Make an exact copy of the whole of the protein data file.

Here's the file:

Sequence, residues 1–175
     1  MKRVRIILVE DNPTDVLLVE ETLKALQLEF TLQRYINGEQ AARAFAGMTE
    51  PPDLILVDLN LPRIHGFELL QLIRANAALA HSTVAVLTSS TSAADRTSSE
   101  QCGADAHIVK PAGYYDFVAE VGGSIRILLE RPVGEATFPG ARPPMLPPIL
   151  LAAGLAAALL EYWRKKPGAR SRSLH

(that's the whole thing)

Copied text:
Sequence, residues 1–175
     1  MKRVRIILVE DNPTDVLLVE ETLKALQLEF TLQRYINGEQ AARAFAGMTE
    51  PPDLILVDLN LPRIHGFELL QLIRANAALA HSTVAVLTSS TSAADRTSSE
   101  QCGADAHIVK PAGYYDFVAE VGGSIRILLE RPVGEATFPG ARPPMLPPIL
   151  LAAGLAAALL EYWRKKPGAR SRSLH